“Let me tell you what will happen: The news media will be in Texas through this weekend, and then news executives will start paring down the coverage next week. The conversation has already turned to politics, as some pundits urge a focus on mental health and others on guns. Some journalists will try to hold our elected representatives’ feet to the fire. A segment or two will go viral. Americans will share their outrage on social media. And then another story will break next week, and the news cycle will move on,” Baldwin wrote. 

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Brooke Baldwin, who left CNN last year, penned a column for The Atlantic headlined that urged networks to continue covering the story of mass shootings on the heels of the massacre in Uvalde, Texas.

Brooke Baldwin, who left CNN last year, penned a column for The Atlantic headlined that urged networks to continue covering the story of mass shootings on the heels of the massacre in Uvalde, Texas. (Getty Images)

“After a week or 10 days, the outraged public grows tired of hearing about the carnage, loss, and inaction. The audience starts to drop off. The ratings dip. And networks worry about their bottom line. And while the journalists in the field have compassion for the victims of these tragic stories, their bosses at the networks treat the news as ratings-generating revenue sources. No ratings? Less coverage. It’s as simple as that,” she continued before floating the idea of showing the bloodied victims on air in order to make the message hit home with viewers. 

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“Would minds change about guns in America if we got permission to show what was left of the children before they were placed in the caskets? Would a grieving parent ever agree to do this? I figured this would never happen. But perhaps now is finally the time to ask,” she wrote.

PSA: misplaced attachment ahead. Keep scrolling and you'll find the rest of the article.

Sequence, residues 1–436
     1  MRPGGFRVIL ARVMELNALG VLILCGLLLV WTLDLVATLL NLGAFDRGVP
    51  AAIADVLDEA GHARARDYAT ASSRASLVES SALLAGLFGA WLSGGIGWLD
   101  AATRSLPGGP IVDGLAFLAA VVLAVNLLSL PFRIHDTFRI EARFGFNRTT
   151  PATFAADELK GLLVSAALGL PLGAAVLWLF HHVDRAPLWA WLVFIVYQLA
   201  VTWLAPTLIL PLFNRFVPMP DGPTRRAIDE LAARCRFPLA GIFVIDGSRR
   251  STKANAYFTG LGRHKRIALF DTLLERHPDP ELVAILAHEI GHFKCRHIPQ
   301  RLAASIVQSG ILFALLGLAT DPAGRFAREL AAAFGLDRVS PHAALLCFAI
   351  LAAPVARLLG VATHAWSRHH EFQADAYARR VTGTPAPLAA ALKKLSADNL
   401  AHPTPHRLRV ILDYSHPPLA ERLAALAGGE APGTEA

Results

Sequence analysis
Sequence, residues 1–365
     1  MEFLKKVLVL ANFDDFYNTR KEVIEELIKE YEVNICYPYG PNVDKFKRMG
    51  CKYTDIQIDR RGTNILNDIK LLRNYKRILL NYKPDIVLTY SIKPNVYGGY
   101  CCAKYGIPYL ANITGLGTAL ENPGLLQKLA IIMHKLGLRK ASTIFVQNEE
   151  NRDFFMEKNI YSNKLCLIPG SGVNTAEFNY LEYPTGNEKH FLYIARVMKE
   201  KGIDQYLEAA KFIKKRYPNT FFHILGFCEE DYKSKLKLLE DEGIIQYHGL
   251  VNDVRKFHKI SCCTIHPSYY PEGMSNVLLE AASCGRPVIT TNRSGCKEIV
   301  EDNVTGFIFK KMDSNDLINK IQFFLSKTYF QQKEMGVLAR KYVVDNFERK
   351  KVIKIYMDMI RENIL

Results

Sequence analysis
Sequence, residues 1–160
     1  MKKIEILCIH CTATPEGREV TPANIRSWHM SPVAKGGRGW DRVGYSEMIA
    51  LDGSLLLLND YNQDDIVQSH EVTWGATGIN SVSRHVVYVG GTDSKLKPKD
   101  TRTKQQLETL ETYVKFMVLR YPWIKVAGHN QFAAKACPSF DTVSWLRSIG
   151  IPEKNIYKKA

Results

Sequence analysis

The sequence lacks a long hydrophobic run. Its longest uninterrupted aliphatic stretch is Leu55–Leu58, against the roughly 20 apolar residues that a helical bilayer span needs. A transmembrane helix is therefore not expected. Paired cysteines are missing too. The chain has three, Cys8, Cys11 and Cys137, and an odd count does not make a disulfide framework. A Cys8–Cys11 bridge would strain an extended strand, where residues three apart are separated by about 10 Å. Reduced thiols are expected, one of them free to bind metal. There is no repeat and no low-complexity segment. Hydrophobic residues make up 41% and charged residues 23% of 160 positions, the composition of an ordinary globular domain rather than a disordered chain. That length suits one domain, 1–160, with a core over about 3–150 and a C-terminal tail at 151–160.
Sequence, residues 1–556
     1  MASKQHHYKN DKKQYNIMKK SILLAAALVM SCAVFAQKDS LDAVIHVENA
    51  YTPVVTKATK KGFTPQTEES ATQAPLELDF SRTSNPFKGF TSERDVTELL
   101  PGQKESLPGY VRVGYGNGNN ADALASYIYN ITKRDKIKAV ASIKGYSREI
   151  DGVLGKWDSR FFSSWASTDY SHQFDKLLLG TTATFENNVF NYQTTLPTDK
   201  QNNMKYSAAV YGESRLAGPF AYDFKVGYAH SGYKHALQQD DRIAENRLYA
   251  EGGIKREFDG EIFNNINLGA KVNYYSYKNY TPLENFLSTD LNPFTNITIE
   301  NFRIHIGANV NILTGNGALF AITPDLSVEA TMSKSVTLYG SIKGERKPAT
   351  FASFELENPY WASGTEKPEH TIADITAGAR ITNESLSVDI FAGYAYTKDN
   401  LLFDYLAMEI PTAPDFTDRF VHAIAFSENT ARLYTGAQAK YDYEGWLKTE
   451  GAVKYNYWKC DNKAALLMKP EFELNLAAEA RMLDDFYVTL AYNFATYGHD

People leave the Uvalde Civic Center following a shooting earlier in the day at Robb Elementary School, Tuesday, May 24, 2022, in Uvalde, Texas. 

People leave the Uvalde Civic Center following a shooting earlier in the day at Robb Elementary School, Tuesday, May 24, 2022, in Uvalde, Texas.  (William Luther/The San Antonio Express-News via AP)

Baldwin also suggested making mass shootings a specific beat of a dedicated reporter, similar to the way news organizations have a particular person cover the White House, spending whatever it takes to tell the story and keep TV crews in impacted communities longer. 

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“I know that keeping crews in the field is expensive, but 19 children and two teachers? There is no higher cost than that,” she wrote. 

Baldwin departed CNN when since-ousted boss Jeff Zucker was still in charge of the network, but he was forced to resign earlier this year ahead of a long-planned merger with Discovery. Zucker is known as the person who shifted CNN from it’s just-the-facts approach to news to an anti-Trump opinion network. His replacement, longtime TV executive Chris Licht, has publicly stated a desire to put a focus back on news. 

CNN did not immediately respond to a request for comment.

Source URL: https://www.foxnews.com/media/cnn-anchor-brooke-baldwin-parkland-teacher-shooting-trump